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GIB approves investment in £111m Scottish EfW plant

The Green Investment Bank (GIB) has approved £28.25m funding for a 12.5MWe energy-from-waste (EfW) plant in Lanark, Scotland.

The £111m project, which also includes the construction of an adjacent MRF, will recycle more than one million tonnes of materials including plastics, metals, paper and aggregates during its lifetime.

It is expected that the MRF will become operational in January 2017, with the complete plant starting operations later that year in June.

The EfW plant is unique to the UK because it combines fluidised bed gasification technology and refuse-derived fuel.

The electricity produced from the facility will go to the national grid, while the heat generated will be used to assist the operation of the MRF.

It is expected that the facility will take household waste from several local authorities and commercial waste from the Glasgow and Edinburgh regions.

The money originated from the GIB’s UK Waste & Resource & Energy Investments fund which is managed by Foresight. M+W Group has been appointed as the main contractor.

The project is also backed by equity investment from Levenseat and senior debt from Investec Bank.

GIB chief Shaun Kingsbury said: “This first-of-kind project is the latest innovative example of how the UK is modernising its waste management infrastructure.”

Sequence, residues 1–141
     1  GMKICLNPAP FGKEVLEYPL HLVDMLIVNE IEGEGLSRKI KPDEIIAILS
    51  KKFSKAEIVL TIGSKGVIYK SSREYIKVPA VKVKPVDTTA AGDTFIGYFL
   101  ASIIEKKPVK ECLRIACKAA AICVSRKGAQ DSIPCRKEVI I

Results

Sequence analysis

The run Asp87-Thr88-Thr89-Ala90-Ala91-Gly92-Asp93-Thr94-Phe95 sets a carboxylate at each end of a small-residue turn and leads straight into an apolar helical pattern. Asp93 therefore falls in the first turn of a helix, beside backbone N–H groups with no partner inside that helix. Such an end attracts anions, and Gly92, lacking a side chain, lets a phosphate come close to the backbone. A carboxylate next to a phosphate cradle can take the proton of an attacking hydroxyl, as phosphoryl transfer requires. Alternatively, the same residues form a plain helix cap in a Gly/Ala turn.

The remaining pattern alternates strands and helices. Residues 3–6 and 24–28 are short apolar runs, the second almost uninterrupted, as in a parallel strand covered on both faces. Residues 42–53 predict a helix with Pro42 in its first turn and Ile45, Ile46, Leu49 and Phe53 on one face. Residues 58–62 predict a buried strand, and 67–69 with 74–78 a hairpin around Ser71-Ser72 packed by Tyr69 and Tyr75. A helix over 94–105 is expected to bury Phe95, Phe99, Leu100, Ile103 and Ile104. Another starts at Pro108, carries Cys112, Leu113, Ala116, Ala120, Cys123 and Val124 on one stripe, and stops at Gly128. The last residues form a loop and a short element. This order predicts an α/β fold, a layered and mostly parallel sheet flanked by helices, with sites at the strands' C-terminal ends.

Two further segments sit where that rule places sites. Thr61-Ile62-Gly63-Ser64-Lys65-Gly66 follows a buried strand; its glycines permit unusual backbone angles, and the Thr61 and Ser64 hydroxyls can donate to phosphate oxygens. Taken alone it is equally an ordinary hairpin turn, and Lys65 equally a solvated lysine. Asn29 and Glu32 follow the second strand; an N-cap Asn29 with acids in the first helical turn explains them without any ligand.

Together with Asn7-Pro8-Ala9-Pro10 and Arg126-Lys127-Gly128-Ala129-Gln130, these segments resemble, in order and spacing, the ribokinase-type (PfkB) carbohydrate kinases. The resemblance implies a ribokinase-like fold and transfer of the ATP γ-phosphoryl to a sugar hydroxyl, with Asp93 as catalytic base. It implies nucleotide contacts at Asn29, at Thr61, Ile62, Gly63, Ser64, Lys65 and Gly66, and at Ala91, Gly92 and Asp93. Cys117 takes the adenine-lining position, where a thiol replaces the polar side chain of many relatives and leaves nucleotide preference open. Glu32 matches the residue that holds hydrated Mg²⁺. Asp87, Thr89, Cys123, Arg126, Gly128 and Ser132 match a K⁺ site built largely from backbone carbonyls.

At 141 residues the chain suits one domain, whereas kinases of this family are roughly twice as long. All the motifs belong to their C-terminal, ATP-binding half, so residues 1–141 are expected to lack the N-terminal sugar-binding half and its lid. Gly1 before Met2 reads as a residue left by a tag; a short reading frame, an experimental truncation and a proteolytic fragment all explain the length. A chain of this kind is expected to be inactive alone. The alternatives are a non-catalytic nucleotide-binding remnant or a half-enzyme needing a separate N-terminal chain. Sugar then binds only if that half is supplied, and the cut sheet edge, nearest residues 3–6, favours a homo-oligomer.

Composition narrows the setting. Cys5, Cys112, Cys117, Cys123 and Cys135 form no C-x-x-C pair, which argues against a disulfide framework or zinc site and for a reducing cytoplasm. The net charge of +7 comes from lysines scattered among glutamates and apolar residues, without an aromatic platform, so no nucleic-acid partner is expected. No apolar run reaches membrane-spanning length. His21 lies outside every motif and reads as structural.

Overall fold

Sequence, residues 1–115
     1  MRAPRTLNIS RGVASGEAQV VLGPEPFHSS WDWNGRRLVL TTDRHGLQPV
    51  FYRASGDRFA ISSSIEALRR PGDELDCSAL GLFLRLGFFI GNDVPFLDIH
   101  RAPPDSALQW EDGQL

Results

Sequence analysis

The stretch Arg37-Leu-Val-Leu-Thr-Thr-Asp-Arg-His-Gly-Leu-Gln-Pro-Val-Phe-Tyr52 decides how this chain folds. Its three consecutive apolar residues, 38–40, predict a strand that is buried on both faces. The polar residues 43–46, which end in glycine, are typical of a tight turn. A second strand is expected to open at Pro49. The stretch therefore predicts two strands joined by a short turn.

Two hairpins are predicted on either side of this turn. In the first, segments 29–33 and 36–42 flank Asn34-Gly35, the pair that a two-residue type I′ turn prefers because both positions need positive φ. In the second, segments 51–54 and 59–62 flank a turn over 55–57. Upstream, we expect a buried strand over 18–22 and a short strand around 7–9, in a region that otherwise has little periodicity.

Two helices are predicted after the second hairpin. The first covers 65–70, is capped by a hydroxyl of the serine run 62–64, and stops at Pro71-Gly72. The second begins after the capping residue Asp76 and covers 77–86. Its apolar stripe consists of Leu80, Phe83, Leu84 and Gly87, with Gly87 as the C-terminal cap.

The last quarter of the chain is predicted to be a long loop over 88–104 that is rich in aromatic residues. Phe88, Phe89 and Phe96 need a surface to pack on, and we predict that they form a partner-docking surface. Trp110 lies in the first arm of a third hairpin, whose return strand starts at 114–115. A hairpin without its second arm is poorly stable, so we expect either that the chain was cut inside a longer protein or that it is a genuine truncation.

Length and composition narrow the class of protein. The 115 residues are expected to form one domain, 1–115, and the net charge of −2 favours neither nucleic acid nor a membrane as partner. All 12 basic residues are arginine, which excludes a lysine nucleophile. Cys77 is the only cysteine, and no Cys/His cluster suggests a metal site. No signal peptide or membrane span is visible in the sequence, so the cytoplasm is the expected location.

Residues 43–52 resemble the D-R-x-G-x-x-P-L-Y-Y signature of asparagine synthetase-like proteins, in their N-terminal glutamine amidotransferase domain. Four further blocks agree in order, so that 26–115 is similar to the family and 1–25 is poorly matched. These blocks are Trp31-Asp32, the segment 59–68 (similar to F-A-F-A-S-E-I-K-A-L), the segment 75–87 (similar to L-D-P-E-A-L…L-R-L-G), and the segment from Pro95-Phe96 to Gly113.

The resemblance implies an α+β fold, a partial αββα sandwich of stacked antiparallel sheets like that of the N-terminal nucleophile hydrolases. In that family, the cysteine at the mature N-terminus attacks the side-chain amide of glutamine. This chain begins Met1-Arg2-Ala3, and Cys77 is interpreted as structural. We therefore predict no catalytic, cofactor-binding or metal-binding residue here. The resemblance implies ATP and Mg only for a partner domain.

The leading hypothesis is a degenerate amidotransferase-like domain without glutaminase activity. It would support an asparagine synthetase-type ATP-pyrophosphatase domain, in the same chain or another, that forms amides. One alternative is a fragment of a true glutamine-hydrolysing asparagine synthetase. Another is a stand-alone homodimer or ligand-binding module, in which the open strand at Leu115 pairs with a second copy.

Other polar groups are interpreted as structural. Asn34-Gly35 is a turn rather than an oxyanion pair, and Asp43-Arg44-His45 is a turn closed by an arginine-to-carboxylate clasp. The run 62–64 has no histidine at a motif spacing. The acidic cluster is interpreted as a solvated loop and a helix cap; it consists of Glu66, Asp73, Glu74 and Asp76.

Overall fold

Readers' comments (3)

  • Looks like someone simply copied and pasted uncritically from a press release.

    Readers of MRW may also be interested in the widespread criticism of the GIB, as reported elsewhere, e.g. The Scotsman article at:

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  • Shlomo - we try not to be too defensive when criticised in this way but please see Magazine readers will see these side by side in the next issue

  • It is good to see MRW publishing views that are more critical of incineration. As a reader of MRW, I appreciate it when multiple angles to a story are covered to allow for a more balanced view of the issues.

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  • Scotland requires all local authorities to implement kerbside recycling programmes and all businesses to segregate, at source, materials such as paper, card, plastics and metals. The national combined target for recycling is 70%. This plant clearly states it will have an associated MRF which will recycle material from the mixed waste received at the facility. It should be noted it is not funded by PFI. The energy conversion part of the facility must achieve high levels of energy use by demonstrating how heat will be used. Unless we want a zero waste plus landfill strategy (and a significant element of landfill at that) it's difficult to see how we manage the non recyclable element of waste otherwise. The various suggestions that such plants will impede recycling are false in a Scottish context, where pre-segregation is mandated. It's an out of date argument. The GIB funds many different types of projects and is an easy target for the anti anything but recycling lobby. Go and see some residual waste and tell me we can recycle it all. It's an indulgence for a few well intentioned activists that think a perfect world is possible. Perfection being the enemy of the good I'd hold that recovering energy form non recyclable waste is the only viable alternative to landfill and knocking any alternative technologies based on one previous failure would have left us all living in the middle ages.

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